July 5-21, 2014
By Robby Kohley
Millerbird Update: We have been on Laysan for three weeks, and with camp establishment, familiarization, and general training behind us, we have settled into a daily routine that focuses on population monitoring of Millerbirds.
We are just getting started but we are already excited about our initial discoveries. We have seen 73 of the 109 banded birds known from the end of the last monitoring season in September 2013. We expect this number to continue to grow as we investigate more areas.
I participated in the pre-translocation work on Nihoa in 2009 and 2010, as well as both translocations and post-release monitoring periods in 2011 and 2012, so the initial founder birds are of particular interest to me. Because of the time spent working and cheering for them, many feel like old friends. In just a short time we have already seen 25 of the 50 original founders and expect to find more.
These founding individuals continue to expand our understanding of Millerbird biology as they repopulate Laysan, with some possibly setting new longevity records for the species. Megan, Barbara, and I are excited to continue the search for more Millerbirds, and share the results in the future.
Coming of Age on Laysan: Albatross Chicks Take First Flight to Sea
One of the motivations for a biologist to keep returning to work on the small island of Laysan is that no matter what time of year, there is some type of exciting natural history spectacle to appreciate. This month has been no exception, with the fledging Laysan and Black-footed Albatrosses putting on a stirring show.
The albatross parents have spent 290 days, flown an estimated 50,000 combined miles, and avoided the many perils of the open ocean to get the young albatrosses to this milestone in their life—their first flight.
Unfortunately some of the perils of the open ocean that the adults must overcome in order to successfully raise young include dangerous human-made obstacles. These include thousands of hooks placed out by the long-line fisheries, which can snare and drown birds, and tons of small pieces of plastic floating on the surface of the ocean, which can be ingested directly or indirectly due to their resemblance or association with the birds’ primary food sources. The plastic can gravely affect the adults or be passed on to the young during feeding, causing death due to choking, starvation, or dehydration.
The next step is one the young albatrosses must take on their own, with no guidance from the adults, and it is a big step! They must learn to fly while safely navigating the crashing waves and avoiding the tiger sharks that have gathered just off-shore to gulp down any unlucky albatross that spends too much time sitting on the water. Immediately upon learning to fly, they must travel hundreds of miles to their central feeding grounds in the far North Pacific. This could be compared to a toddler learning to walk and immediately being made to run a marathon in order to get lunch.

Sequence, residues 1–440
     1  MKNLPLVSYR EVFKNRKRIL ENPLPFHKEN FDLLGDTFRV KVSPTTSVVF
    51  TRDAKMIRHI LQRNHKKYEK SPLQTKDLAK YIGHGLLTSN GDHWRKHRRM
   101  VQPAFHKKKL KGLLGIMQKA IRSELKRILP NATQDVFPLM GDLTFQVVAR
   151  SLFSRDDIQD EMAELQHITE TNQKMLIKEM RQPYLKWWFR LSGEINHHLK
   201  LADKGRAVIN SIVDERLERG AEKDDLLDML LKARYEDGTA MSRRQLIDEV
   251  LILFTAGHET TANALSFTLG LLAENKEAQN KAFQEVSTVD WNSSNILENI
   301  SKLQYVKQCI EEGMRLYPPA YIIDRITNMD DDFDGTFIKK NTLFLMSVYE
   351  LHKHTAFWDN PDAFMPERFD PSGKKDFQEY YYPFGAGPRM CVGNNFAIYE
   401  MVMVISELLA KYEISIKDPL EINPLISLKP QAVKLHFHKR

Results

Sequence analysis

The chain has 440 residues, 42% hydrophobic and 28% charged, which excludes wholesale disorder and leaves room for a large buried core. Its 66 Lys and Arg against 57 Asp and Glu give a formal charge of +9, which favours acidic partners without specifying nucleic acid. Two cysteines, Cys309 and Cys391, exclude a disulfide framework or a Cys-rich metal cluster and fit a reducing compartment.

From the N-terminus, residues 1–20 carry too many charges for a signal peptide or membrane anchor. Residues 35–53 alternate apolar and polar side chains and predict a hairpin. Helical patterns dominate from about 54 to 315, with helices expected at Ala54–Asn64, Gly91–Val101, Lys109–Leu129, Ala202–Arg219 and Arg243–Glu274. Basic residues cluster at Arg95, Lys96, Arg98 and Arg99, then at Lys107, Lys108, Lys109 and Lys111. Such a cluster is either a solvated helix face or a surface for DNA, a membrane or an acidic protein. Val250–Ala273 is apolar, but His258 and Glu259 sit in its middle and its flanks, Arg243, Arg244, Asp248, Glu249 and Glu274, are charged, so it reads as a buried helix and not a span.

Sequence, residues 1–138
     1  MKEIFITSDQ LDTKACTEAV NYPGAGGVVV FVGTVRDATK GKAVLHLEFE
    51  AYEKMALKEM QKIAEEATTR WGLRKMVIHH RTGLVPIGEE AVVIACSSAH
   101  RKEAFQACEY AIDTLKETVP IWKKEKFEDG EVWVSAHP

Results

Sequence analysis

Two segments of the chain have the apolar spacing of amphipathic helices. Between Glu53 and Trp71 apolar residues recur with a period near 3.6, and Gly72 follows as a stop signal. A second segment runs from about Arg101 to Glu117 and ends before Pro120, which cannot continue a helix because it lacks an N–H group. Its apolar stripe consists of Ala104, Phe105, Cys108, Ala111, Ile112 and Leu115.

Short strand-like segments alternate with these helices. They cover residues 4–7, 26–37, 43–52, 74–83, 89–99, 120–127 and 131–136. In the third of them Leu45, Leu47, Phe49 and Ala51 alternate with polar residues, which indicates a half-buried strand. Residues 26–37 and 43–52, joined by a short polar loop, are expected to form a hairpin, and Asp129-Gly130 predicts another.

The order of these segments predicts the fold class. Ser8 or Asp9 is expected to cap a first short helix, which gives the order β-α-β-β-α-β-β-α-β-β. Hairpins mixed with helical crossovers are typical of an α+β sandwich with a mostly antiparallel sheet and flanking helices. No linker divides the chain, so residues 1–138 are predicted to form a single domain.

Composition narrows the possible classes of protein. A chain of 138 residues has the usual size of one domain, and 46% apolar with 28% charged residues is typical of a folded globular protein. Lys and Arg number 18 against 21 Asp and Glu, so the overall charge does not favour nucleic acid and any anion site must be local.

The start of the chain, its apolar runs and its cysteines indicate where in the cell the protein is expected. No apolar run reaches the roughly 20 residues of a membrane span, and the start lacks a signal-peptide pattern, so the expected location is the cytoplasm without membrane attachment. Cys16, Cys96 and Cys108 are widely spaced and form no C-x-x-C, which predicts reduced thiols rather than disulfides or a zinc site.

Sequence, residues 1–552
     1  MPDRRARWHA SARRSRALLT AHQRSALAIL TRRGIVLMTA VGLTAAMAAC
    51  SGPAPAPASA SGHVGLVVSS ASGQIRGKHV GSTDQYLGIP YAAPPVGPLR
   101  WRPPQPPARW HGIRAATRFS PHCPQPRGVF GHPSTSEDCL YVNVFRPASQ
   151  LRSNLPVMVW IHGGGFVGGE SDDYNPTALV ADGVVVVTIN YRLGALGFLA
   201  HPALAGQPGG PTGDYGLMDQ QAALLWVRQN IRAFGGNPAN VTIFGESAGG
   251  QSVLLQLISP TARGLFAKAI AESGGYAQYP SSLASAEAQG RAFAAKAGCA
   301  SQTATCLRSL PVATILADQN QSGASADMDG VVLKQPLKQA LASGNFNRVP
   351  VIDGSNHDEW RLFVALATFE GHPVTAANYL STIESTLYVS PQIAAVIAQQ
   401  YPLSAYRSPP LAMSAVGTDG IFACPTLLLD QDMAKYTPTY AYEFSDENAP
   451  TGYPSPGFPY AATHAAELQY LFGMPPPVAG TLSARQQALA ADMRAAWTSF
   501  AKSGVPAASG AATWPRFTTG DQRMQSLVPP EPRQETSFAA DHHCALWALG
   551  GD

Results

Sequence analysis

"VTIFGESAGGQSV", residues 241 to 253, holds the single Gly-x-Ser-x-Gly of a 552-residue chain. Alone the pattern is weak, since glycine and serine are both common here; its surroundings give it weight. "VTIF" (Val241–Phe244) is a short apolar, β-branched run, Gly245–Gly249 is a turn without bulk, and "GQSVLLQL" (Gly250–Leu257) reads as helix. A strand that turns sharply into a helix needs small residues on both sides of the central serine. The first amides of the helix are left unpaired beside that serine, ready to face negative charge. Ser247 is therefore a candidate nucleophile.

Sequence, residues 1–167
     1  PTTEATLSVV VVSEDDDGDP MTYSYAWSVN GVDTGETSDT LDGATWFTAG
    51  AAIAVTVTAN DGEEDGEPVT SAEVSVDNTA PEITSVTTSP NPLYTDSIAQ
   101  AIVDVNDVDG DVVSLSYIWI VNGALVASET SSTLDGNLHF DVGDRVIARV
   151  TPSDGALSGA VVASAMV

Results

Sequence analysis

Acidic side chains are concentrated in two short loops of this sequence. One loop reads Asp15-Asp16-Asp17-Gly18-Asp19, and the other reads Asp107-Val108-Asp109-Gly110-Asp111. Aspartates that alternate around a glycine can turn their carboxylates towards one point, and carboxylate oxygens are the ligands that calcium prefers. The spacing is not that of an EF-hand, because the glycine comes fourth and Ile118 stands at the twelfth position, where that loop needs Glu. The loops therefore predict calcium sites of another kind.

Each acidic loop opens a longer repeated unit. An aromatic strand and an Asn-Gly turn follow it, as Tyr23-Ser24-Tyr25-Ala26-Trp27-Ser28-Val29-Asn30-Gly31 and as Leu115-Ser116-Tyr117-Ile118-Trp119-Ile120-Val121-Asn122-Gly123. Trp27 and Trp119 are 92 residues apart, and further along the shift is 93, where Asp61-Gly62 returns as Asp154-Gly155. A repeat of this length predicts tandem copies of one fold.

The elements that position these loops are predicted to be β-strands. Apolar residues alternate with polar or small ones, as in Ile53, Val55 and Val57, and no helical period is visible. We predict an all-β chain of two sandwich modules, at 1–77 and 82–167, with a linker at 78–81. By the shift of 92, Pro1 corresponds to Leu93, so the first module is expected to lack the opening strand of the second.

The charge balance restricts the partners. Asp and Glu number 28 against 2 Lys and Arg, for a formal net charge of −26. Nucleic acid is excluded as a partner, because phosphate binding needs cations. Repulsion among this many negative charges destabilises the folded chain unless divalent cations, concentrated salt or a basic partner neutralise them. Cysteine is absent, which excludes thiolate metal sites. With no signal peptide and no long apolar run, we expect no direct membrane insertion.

Observing the fledging process is a captivating lesson in animal behavior and the pragmatism of nature. For young albatross, where on the island they hatch and then decide to practice flying can mean the difference between failure and success.
Practice Makes Perfect—If You’re Lucky!
Some individual young albatross practice flying at the South Ledge, which is characterized by crashing waves. Many become caught up by the waves on their first attempt, and with no easy way to escape they quickly become overwhelmed. If they do escape there is a decent chance they are injured or have used up too much energy and burned precious fat reserves that will be needed to make it north. Others, by fortunate circumstance, end up practicing on the inland lake or the calmer bays on the island. These areas allow for many short practice flights, better muscle development—and more second chances!
While watching the young albatrosses it is hard not to feel empathy for their situation as they struggle in the waves, crash land while practicing to fly, or stand on shore staring out to sea over the breaking waves and tiger sharks, toward the horizon knowing their future is that way, with no idea what to expect.
It is easy for a person to identify a time in their life when they were in comparable circumstances, when maybe you faltered while learning, failed because you weren’t prepared, or faced a big change or decision in your life with no idea what the future may hold.
This is why when you see a young albatross overcome it all and disappear over the horizon, it is hard not to crack a smile, wish him well—and want to warn him of the perils of fishhooks and floating plastic that await him.
Robby Kohley has worked on conservation projects throughout the Hawaiian Islands since 2007, most recently for the Kauai Forest Bird Recovery Project on their efforts to protect the endangered Akikiki and Akeke’e. While on Laysan he hopes to capture photos of fledgling albatross and furtive Millerbirds. On his off-time, he enjoys killing black flies, stashing candy bars and sun bathing.